Dragons in the Outback: Tabletop RPG Gaming in a Rural Area

Rolling gold spinifex, red dirt, faded green trees, and intense blue skies don’t sound like the kind of place you would play Dungeons & Dragons in. The comfort of local gaming stores, filled with people who are interested in playing, and being able to get resource books whenever you wanted (budget allowing) was what I associated with tabletop role-playing. Then a few years ago I moved from a big city, with games stores and my Pathfinder group, to a rural ‘city’ with no games store and my partner doing shift work at a mine. It wasn’t a small country town, but I wasn’t sure what I would find. Turns out that organising around a shift worker and having a toddler in tow while knowing no-one else in town meant I ended up socialising with mother’s groups more than gamers. Tut. I know that tabletop RPG (TRPG) groups are around here and I’ve wondered how they got along with the same issues. So, I asked around.

The hot sun and stinging sand is ruining my immersive experience…

As soon as you’re away from the coast, game stores – the kind that don’t specialise in consoles and PC games – are thin on the ground. But, depending on just how far rural you are, what you are likely to have is internet, and these days online resources and ordering are not to be laughed at. It’s not cheap to order in physical books, but then neither is buying them at a local store honestly. Just using online resources opens up a huge range of options for what to play, and yet amongst the people I talked to, being able to use physical books seems to be most popular; I guess there’s no substitute for flipping through the pages. Living out here means a lot of people head to the coast for holidays, and more than one person mentioned bringing books back with them (board games too!). Going to Brisbane can mean an obligation – or rare opportunity – to return with what bounty can be bought there. So with the infinite possibilities of the internet, and the occasional hunter returning with their prey, there must be several different kinds of games going right?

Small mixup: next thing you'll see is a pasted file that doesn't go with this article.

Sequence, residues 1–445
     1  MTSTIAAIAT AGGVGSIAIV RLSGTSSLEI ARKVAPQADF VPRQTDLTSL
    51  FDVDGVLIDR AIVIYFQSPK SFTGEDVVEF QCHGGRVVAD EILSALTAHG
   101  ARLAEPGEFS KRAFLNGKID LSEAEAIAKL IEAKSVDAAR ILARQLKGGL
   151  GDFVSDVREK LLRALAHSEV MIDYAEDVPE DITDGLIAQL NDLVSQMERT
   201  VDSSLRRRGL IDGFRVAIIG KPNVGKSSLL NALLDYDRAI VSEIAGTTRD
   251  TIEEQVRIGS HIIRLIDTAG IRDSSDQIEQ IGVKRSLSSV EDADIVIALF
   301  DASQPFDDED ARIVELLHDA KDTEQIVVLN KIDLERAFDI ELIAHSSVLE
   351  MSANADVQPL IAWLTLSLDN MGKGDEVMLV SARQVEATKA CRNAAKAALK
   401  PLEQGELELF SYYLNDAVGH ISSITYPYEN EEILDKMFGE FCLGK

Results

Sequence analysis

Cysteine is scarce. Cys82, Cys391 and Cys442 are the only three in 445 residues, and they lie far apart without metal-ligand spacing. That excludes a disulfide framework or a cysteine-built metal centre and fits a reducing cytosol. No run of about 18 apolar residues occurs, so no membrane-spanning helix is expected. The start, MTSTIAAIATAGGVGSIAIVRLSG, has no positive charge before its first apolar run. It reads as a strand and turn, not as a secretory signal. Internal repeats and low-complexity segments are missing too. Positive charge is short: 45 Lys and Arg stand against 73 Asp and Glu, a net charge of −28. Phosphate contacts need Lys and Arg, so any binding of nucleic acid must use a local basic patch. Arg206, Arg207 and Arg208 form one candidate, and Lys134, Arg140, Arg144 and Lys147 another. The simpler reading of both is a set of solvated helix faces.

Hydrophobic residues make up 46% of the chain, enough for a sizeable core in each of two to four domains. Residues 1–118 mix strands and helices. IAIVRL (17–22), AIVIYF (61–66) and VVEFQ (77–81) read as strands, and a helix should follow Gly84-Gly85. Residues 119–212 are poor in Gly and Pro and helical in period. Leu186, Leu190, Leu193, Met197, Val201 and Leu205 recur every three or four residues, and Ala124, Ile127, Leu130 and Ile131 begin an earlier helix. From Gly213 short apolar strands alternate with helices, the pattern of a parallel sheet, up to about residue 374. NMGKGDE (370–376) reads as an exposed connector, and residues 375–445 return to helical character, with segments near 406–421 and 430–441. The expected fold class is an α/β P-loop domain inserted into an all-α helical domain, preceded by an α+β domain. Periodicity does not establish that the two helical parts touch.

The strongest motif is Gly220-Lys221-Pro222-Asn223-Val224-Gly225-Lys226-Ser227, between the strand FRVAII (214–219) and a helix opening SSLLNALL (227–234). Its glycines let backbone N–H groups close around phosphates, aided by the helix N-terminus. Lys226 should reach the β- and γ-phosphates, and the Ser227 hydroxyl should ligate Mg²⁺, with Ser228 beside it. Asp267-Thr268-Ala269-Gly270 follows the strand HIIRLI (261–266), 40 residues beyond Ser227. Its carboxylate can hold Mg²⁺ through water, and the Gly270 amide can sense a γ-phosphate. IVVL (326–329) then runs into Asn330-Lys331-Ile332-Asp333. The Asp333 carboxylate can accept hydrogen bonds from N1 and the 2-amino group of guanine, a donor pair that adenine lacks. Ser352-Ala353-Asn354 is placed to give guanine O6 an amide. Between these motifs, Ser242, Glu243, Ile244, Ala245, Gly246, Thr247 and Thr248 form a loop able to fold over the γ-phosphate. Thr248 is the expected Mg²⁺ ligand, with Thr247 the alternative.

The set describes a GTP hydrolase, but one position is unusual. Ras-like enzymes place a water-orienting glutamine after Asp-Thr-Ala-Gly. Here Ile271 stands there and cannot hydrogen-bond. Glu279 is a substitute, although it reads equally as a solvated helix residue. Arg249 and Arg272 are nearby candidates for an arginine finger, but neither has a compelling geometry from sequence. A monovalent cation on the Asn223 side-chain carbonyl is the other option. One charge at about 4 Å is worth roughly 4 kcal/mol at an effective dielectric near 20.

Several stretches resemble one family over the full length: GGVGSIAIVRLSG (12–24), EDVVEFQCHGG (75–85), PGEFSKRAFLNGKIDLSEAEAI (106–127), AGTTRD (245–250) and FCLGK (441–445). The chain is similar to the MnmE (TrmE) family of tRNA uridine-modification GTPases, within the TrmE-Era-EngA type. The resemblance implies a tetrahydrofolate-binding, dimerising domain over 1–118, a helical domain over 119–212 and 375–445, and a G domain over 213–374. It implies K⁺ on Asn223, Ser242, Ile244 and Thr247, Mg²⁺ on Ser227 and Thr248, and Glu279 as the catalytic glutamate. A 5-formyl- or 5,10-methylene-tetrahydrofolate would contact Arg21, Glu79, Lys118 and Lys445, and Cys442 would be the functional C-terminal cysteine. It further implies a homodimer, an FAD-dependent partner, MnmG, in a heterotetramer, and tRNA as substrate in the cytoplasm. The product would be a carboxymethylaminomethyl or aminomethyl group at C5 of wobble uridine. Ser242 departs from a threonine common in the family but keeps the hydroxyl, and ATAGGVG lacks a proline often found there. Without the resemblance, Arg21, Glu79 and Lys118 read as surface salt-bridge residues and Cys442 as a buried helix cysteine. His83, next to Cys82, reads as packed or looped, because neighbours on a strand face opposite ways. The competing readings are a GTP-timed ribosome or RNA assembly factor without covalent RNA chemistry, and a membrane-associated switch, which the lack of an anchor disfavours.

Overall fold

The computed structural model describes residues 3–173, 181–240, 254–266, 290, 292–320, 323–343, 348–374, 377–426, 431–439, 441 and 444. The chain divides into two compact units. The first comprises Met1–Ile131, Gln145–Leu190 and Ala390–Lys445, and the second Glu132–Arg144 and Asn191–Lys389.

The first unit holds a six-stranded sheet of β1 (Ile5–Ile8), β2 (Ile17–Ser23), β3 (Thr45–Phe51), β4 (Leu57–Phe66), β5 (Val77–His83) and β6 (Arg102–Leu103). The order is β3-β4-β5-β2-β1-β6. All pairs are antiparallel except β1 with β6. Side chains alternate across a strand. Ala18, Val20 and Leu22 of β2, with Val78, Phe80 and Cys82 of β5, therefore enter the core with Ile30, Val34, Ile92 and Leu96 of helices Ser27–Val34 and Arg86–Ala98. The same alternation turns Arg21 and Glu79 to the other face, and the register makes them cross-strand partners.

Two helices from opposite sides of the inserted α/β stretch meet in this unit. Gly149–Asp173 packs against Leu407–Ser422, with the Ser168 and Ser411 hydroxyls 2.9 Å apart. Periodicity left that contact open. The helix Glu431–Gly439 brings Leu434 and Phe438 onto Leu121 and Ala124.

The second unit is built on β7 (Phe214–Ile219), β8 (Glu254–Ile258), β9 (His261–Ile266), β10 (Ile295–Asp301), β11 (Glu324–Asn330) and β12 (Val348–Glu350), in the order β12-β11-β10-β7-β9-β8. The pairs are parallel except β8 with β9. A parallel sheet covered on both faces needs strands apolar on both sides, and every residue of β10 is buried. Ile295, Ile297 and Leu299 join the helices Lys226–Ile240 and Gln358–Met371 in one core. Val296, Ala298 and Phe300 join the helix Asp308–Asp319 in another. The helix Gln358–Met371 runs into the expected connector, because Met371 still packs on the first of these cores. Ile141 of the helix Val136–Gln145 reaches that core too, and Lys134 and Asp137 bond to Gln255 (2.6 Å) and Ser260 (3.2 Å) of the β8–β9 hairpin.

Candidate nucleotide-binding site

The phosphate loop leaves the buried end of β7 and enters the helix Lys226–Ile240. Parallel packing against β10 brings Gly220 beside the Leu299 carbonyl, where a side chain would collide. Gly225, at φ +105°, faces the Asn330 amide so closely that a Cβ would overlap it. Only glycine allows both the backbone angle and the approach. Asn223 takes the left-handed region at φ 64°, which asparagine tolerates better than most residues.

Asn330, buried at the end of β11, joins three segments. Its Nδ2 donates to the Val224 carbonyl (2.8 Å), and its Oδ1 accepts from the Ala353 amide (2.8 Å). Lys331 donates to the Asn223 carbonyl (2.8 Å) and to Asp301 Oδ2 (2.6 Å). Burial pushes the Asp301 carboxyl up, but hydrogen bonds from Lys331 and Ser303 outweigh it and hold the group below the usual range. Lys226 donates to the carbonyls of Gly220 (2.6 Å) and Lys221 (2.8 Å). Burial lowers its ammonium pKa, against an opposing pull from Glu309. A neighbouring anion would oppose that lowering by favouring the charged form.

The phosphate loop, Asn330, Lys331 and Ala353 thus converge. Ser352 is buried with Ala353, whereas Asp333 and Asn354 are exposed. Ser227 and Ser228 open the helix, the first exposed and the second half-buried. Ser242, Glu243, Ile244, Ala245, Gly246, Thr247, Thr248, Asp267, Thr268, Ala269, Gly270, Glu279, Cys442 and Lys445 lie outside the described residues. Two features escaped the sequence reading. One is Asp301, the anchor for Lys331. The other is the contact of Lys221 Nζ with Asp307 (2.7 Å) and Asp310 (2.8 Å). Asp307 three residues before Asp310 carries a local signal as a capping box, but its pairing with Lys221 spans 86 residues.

Funnily enough, around here Dungeons & Dragons is hands down the most popular game to play once you’re away from big cities. Why? Apparently, it’s just the most well known, and the one people started playing years ago and therefore introduced new players to. But players are creative people, and there are homebrewed games around too, thanks to someone getting frustrated with the complications of D&D games (this was before 5th edition apparently). People new to the game who don’t know what’s out there gravitate to what they’ve already heard of, and people who were D&D players from way back introduced new players in their group to it. Considering this is what 5th ed. was specifically intended for, it sounds like it’s working. Even then, it’s not unusual for groups to have multiple games running at once, so people are getting the most bang for their gaming buck.

Internet Shopping. Your saviour when living far from cities.

Like almost anywhere, players find each other by being brought in by older players, and in a rural area where people often move away after a while the players who have hung around become the keymasters for the next group of interested people, introduced from a friend of a friend, or someone’s sister, who’s part of a group and thought they would be interested. I even talked to one group who started without being introduced to it from anyone else but just decided to give it a go and are having a blast, as they rightly should be. Strangely, there seemed to be a much closer gender parity (still majority male) amongst local players in the people I talked to than I’d ever experienced playing in Brisbane. I’m not sure how much the limited population in a rural area affects those interested or those approached to join a group. With the popularity of local community Facebook groups, especially in rural areas, there is of course a local FB gaming group to help find players too (I have even been told of advertising in the local paper for players years ago), but the personal introduction method is by far the most prevalent way to bring people into the game or different groups.